Swiping For My Life: How Tinder Helped Me Come Out

Tinder confirmed that I am a big ol’ homo.

It is nearing 2 a.m. as I check to see if my roommate is asleep only a few feet away from me in our dorm. Silence. I pull my covers up over my head to hide the brightness of my phone. I open the Tinder app and am greeted by a cute indie boy: messy hair, has a meme account, and is a minimalist with only three t-shirts. I swipe left, of course, and a few more times out of habit. 

I go to my settings and read over my bio. 

Just some bangs held together with elmer’s glue 6 foot 9 since that matters Looking for a boy who will treat me right 

I delete the last sentence. 

I go to the swipe distance and bring it down to one mile. I scroll to the section where it asks who I am looking for. Currently set to men. I stare at it for a long time, because my life is a movie and I have to build anticipation. There are three options to choose from: men, women, and everyone. I select everyone, save it, and immediately turn my phone off. A few minutes pass, and I start swiping. 

For most of queer history, LGBTQ+ people have been forced to live underground. Coming out, and staying out, was a dangerous, sometimes life-threatening act. This suppression and secrecy meant a lot of queers never found their families or themselves. But in the era of dating apps, an unlikely hero rose up to save the day. Tinder, known for it’s cringe hetero hook-up culture, brought the queer underground into the pockets of every queer.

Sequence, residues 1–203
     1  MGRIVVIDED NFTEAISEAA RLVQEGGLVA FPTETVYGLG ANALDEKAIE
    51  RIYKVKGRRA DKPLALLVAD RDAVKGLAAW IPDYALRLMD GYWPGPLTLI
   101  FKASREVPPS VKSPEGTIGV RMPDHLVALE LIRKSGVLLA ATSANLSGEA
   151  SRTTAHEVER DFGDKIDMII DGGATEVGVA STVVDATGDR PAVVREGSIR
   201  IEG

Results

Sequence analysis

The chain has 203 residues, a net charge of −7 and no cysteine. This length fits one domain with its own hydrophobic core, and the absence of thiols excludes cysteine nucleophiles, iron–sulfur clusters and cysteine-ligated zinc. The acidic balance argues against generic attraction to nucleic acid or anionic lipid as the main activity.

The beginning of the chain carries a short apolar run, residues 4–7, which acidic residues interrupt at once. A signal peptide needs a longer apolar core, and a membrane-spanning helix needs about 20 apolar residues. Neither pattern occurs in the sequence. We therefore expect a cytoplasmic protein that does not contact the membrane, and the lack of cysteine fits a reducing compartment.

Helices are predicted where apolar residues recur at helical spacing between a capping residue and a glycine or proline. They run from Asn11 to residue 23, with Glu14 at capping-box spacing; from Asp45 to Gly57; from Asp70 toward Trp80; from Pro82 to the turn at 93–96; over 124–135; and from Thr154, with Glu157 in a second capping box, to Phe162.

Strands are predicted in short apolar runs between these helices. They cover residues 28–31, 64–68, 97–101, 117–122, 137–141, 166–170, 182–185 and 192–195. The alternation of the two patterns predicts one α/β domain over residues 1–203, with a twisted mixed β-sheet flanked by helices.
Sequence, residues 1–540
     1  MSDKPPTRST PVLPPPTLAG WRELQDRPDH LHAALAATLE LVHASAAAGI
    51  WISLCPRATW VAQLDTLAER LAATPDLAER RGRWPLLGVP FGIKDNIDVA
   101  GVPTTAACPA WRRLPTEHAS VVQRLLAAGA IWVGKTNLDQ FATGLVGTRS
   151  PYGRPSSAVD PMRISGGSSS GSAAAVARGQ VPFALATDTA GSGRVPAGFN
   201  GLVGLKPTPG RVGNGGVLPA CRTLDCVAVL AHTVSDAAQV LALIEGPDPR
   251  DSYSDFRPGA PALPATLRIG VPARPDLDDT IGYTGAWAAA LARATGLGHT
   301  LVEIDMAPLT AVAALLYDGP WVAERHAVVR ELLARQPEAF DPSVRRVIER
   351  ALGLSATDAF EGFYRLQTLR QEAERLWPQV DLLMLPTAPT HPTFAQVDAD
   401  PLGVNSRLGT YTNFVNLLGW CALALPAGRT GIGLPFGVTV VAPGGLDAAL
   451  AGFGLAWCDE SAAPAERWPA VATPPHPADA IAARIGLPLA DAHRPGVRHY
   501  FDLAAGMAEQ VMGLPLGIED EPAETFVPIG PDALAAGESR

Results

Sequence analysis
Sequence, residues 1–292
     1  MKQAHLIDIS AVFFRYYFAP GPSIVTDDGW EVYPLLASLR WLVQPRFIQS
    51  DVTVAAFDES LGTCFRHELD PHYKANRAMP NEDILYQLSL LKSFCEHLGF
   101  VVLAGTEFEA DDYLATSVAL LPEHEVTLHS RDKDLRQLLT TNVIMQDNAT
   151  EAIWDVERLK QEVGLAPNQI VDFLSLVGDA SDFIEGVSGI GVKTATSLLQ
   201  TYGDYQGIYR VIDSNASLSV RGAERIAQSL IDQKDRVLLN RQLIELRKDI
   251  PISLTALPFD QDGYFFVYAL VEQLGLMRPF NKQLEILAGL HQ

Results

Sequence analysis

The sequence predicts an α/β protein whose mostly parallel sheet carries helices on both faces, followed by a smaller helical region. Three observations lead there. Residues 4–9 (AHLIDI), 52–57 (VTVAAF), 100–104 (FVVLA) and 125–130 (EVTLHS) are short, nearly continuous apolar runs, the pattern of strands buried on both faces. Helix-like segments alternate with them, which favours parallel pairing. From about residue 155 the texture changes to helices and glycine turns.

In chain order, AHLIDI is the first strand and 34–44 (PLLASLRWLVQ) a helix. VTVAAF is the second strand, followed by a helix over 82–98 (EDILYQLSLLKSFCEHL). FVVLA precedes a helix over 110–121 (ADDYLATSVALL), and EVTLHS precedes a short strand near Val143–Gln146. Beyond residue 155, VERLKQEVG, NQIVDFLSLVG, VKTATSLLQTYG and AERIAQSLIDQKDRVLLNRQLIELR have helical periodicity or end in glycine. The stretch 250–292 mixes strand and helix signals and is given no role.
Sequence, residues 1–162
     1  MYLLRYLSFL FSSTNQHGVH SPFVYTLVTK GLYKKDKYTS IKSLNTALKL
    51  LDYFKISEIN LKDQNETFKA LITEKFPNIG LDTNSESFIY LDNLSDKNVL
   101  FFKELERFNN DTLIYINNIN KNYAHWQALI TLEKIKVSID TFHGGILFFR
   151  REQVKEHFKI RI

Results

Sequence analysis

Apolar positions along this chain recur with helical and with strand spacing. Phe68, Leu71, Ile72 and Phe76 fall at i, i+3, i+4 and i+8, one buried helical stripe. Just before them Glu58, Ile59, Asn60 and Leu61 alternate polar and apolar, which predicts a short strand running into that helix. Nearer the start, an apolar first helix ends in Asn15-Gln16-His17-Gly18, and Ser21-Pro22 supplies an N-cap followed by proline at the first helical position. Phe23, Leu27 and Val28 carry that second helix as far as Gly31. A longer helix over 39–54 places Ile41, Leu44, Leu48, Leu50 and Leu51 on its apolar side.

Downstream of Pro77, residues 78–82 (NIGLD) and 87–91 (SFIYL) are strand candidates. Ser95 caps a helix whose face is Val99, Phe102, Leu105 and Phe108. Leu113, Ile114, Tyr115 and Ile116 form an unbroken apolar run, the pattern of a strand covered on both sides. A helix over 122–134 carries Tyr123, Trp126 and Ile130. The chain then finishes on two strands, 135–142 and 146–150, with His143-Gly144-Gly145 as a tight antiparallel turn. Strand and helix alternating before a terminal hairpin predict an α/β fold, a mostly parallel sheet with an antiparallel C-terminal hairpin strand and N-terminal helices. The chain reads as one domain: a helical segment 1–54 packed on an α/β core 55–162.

Like Tinder, I initially didn’t know how gay I’d be. 

Early on in my childhood, I’d tell myself bedtime stories — a completely hetero actvity — but they did always revolve around me making a life together with my female best friend. We’d live in the same house, both of us married with husbands we never talked to. We’re rich, obviously, and so we’d spend all our time painting and writing and holding hands and cuddling during movies while our husbands made dinner or something domestic. But what straight little girl didn’t do that? 

As I grew up, hand holding turned into mistaken kisses, tender caresses, and what Ryan Gosling and Rachel McAdams had in “The Notebook.” Again, wouldn’t call that gay, per se. 

Then I got to college, and all hell broke loose. You know what came next: I fell in love with my best friend. It ended in heartbreak — I’ll save that story for another article — but the silver lining was that I finally connected the dots and admitted to someone I was — you know. 

Enter Tinder. 

By pure delightful accident, Tinder created a safe, streamlined process for queer people to do the nasty. And no, I don’t mean sex; I mean come out of the closet. 

Up until that point, I envisioned coming out to be this grand proclamation — that I had to stand up in the bleachers of a crowded auditorium and scream “I love you Lea*.” (*Michelle, circa Glee) 

From this would come a grand backlash. While statistically, there would be people who accepted me, that also meant there would be people who hated me for it. I grew up in a conservative Christian household, so this point was really hammered home for me. 

When you grow up in a community that fosters zero attachment to LGBTQ+ people, watching media that hardly includes them, it can feel like finding other queers is a lost cause. I didn’t want to come out. I didn’t want to be gay. All I knew was that I wanted a woman to hold me. 

“The first time I used Tinder, I was with a friend trying to figure out if I was attracted to women,” says Cynthia Salaysay (she/her, Scorpio), a lesbian who found her first girlfriend on Tinder. “It was a safe way to see how I reacted to different women.”

The history of being queer in America is riddled with lost jobs, friends, families, and lives — all so that a person of the same-sex could and want to hold them.